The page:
Jesse Armstrong Says Writers Rooms Are “Great Way” To Run Shows As ‘Succession’ Creator Backs Ongoing Writers Strike — Edinburgh TV Festival

Succession creator Jesse Armstrong has talked up the benefits of writers rooms for shows of “scale and length” as he threw his support behind the ongoing writers strike.

Armstrong was in conversation with journalist Marina Hyde on the final day of the Edinburgh TV Festival on Friday in the UK, and offered his analysis of writers rooms, which is one of the key sticking points for the AMPTP and WGA negotiations in the U.S.

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“If budgets are available and we can get supported, they’re a great way to run some shows of scale and length, so I’m very supportive of the strike,” he said, adding that residuals and AI were issues the WGA was right to be concerned over.

“It’s not like a training program when my fellow writers are on set with me. It’s to make the show better,” he added.

Armstrong famously led a unique style of writers room in the UK for HBO drama Succession, which ended this year after four seasons. He said having several writers with knowledge of a script meant one or more could “intervene” if something was not right during shooting. The Succession room included the likes of I Hate Suzie creator Lucy Prebble and Tony Roche, who helped write British comedy series The Thick of It and its feature spin-off In the Loop.

He said making the room feel “safe and inclusive” was important because writers would often be sharing “pain” with each other through the process. “There can be something vampiric about getting a group together and saying, ‘Give me your pain. I want to turn it into a TV show.’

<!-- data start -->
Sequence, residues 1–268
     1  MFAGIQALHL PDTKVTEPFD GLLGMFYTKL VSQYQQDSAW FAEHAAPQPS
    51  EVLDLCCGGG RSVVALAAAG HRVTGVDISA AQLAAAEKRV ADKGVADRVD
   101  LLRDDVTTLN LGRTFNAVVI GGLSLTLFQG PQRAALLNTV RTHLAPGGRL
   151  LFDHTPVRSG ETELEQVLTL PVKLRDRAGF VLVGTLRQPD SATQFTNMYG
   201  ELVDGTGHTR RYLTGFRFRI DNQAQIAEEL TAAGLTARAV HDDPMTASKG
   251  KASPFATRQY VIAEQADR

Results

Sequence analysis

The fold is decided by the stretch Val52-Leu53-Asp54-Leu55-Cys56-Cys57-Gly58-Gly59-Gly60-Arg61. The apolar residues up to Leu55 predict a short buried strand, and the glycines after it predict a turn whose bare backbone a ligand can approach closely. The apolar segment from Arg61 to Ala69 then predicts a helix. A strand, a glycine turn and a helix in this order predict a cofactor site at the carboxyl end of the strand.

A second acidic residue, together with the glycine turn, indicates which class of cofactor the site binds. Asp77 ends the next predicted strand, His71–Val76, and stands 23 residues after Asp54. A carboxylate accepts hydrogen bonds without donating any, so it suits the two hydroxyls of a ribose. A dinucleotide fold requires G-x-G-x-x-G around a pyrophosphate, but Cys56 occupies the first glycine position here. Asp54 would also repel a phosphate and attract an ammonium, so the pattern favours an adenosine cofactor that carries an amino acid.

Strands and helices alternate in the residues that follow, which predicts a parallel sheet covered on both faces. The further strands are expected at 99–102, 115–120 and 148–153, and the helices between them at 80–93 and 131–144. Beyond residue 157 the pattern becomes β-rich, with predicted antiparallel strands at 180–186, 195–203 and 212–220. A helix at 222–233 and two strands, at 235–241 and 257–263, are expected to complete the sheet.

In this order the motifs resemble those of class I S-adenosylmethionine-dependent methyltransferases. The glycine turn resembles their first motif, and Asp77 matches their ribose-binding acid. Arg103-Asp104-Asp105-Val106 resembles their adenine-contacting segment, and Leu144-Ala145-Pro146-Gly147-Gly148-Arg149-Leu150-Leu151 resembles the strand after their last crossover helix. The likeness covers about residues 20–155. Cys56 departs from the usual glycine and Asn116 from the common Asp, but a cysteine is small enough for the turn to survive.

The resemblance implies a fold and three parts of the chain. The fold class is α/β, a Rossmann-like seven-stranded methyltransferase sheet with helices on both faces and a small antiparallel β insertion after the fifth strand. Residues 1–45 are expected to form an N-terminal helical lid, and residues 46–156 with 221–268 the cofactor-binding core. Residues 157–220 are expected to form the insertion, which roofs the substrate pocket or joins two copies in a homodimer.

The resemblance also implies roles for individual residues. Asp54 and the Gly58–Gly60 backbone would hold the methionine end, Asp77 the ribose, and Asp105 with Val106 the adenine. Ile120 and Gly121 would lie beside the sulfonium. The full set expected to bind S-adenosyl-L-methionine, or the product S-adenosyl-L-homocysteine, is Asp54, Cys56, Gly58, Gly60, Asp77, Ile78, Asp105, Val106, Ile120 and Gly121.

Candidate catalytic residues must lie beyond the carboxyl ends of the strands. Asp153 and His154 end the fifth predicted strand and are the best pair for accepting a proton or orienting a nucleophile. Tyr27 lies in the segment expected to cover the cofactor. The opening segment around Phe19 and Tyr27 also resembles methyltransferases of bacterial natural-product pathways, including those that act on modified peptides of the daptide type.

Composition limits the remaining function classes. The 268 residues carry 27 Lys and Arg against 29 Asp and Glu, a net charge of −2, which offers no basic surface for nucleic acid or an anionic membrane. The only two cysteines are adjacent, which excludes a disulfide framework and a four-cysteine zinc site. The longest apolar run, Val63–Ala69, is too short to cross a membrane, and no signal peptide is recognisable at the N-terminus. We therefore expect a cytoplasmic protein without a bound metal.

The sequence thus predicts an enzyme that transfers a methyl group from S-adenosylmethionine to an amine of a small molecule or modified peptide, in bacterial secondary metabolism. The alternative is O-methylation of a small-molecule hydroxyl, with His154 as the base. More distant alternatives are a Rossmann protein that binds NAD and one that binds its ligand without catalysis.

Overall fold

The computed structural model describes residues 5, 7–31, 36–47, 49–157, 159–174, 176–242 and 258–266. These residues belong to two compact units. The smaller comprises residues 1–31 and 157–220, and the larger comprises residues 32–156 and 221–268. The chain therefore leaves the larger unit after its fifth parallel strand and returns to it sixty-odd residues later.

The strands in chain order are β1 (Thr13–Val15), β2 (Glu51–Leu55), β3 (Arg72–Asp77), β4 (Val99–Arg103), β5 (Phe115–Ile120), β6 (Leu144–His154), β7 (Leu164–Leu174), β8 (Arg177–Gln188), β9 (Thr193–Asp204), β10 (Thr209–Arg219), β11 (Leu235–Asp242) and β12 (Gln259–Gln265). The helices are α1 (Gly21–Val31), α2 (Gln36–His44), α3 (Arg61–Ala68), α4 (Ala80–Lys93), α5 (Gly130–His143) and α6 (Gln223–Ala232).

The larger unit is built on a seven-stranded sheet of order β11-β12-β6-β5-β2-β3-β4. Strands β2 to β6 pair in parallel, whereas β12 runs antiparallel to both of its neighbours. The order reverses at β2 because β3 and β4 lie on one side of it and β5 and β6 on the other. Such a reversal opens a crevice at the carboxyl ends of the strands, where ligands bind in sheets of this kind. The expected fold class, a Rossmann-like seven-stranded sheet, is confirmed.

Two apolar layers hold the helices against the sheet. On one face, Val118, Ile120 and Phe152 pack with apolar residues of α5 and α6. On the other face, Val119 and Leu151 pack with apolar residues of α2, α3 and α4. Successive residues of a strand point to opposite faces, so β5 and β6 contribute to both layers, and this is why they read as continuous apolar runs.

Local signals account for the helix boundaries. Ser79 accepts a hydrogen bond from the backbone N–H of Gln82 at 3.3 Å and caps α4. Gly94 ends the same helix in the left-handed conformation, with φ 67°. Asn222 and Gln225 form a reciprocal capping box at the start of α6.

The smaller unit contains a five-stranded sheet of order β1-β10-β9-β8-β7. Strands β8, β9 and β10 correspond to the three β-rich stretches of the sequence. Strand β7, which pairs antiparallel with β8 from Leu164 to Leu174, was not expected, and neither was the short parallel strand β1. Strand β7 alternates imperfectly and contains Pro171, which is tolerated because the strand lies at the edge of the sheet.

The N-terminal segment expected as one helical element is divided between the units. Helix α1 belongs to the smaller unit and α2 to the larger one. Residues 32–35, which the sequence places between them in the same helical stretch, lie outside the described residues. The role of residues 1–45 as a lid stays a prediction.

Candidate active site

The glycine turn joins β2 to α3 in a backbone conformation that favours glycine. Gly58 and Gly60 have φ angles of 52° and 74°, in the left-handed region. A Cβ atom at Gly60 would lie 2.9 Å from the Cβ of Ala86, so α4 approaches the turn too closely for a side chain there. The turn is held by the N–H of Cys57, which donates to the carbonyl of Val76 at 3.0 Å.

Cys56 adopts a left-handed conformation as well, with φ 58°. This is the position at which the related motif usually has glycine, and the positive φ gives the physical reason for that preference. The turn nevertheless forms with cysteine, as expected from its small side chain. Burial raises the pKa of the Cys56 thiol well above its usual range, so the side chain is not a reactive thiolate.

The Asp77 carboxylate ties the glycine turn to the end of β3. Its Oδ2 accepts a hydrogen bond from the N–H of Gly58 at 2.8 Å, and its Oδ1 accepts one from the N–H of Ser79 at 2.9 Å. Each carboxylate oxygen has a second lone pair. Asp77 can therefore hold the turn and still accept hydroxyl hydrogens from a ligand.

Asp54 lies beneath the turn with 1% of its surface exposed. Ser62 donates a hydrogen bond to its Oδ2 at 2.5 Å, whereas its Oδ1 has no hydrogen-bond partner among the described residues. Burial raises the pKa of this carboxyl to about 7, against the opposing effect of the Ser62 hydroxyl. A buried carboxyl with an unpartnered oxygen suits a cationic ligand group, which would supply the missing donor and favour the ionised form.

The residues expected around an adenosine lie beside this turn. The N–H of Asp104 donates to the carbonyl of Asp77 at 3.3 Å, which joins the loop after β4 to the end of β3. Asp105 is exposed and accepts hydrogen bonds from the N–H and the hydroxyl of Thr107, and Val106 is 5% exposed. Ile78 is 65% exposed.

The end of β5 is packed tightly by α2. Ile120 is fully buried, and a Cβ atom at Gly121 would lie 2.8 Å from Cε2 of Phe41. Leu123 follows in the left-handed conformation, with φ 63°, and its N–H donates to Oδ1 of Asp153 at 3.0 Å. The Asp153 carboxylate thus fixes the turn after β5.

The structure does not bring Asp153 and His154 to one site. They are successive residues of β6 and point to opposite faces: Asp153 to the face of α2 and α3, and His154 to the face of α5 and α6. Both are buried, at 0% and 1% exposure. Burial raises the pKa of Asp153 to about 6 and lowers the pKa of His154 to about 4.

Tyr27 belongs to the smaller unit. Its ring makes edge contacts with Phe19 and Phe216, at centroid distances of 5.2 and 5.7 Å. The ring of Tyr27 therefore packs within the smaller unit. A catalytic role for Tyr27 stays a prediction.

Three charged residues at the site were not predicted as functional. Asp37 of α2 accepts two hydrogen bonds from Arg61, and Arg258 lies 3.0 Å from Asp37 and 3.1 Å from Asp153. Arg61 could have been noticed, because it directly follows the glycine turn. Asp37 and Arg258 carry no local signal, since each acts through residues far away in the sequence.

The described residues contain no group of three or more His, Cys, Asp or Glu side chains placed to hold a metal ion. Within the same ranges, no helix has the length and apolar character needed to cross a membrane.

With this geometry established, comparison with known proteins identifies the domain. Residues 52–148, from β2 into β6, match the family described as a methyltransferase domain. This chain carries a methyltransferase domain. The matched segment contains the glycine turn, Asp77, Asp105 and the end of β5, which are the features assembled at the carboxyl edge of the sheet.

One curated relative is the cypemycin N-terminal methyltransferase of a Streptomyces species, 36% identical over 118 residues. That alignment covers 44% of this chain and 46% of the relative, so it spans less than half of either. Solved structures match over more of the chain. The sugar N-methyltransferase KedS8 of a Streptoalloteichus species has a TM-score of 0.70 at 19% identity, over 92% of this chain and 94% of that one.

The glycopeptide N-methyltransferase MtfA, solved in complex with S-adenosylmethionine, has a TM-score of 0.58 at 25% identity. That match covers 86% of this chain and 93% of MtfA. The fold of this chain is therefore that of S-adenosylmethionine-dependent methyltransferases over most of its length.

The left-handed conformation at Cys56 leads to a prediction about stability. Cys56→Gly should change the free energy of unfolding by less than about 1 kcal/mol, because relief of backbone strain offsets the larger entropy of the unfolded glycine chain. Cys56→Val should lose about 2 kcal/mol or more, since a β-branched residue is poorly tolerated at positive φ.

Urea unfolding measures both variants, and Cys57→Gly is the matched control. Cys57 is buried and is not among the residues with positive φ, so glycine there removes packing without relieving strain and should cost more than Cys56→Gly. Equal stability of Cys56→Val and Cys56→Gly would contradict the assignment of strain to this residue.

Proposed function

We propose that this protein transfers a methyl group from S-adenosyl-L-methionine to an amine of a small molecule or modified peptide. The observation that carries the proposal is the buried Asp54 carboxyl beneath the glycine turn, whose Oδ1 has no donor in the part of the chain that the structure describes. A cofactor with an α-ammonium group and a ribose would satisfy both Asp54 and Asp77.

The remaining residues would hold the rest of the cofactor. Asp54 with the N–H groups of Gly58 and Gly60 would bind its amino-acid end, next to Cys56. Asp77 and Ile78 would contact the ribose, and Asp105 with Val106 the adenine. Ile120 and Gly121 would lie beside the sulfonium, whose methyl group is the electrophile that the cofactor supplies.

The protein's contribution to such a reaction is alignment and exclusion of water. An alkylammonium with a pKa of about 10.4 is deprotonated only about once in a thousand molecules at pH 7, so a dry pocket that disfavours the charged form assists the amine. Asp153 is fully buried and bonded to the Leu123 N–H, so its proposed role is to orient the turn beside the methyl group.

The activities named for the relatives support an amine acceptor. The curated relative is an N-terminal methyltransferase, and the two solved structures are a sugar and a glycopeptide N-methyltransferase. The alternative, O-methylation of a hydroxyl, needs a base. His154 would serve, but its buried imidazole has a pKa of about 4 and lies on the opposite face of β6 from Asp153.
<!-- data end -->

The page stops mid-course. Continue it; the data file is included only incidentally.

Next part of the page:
The Peep Show and Fresh Meat creator later said that while being a showrunner can demand a person into making tough decisions, there was no excuse for bullying behavior during development or on set. “Making a TV show is tough but you don’t need to be a dick about it.”

Intriguingly, Armstrong said the big-budget Succession could have been made in the UK, albeit “with fewer helicopters.” He noted Armando Iannucci comedy The Thick of It was originally a BBC4 commission whose pilot episode was “absolutely nothing” but added: “You didn’t need crane shots of Westminster” for the script to work. “Could you create the same tone [with a British Succession]? I think you could.”

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